Fighting to save the architectural heritage of Burma’s former capital

Yangon, previously known as Rangoon, has not only lost its status as the capital of Burma, but seems to be losing its architectural heritage as well.

Many heritage buildings of good architectural design in the city have been torn down. From 1900 to 2011, as much as 35 per cent of downtown Yangon was demolished, according to Yangon Heritage Trust (YHT). This equates to approximately 1,800 buildings. They were destroyed in order to pave the way for new development projects. Developers saw that there was money to be made by constructing newer and larger buildings. Aside from this, in 1962 when the military government took over, a lot of the city’s infrastructure went into disrepair.

Some heritage building still stand

There are some heritage buildings that are left standing. This includes The Secretariat, which is the Yangon’s most iconic building. This is where General Aung San was assassinated in 1947. Aside from this, there is the Young Women’s Christian Association of 1902 and the former residence of Pablo Neruda, who is a famed Chilean poet.

However there is a lot of concern regarding the future of these buildings and traditional architectural design, with many conservationists believing that the heritage of Yangon is being destroyed with little benefit in return.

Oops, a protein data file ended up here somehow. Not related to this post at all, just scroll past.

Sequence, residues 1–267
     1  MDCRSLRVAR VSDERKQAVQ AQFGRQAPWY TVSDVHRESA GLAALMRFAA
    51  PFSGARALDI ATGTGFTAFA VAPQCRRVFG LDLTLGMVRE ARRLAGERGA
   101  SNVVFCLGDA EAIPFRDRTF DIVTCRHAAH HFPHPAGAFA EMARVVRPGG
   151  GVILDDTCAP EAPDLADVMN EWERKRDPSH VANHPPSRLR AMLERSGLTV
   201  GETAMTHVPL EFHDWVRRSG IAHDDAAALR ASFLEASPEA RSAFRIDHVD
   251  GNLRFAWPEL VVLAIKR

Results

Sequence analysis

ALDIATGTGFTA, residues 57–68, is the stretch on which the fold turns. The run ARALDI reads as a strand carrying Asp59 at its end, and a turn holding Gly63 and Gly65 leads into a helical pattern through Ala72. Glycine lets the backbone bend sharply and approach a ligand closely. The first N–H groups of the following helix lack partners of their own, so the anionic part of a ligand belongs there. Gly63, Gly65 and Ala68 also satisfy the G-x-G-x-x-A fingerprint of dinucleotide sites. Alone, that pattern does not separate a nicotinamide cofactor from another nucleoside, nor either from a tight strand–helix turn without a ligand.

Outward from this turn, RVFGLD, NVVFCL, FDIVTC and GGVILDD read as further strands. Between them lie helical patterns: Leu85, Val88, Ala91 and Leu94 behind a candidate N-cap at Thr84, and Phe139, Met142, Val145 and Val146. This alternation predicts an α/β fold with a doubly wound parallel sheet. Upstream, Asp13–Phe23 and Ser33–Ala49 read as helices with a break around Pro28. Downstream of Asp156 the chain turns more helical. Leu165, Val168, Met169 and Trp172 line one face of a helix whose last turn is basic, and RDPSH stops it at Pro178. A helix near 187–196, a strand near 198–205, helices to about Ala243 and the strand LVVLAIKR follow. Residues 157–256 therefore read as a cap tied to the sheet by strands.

After the country transitioned in 2011 to a quasi-civilian government, conservation architects may have been pleased by the efforts of regional and municipal authorities to preserve historic Yangon. However further demolitions occurred as a result of lack of co-ordinated leadership and thus the deep concern continues. This is especially the case as there are only 189 buildings that are protected by the municipal government in Yangon.

It is a real shame for this city, which is seen as a unique architectural location. Most of the architecture in Yangon dates back to the period of 1824 to 1948, when the British ruled the area. Nevertheless, conservationists aren’t going to go down without a fight. They want to follow in the footsteps of Singapore and Penang by showing the heritage of Yangon to city officials to increase its appeal.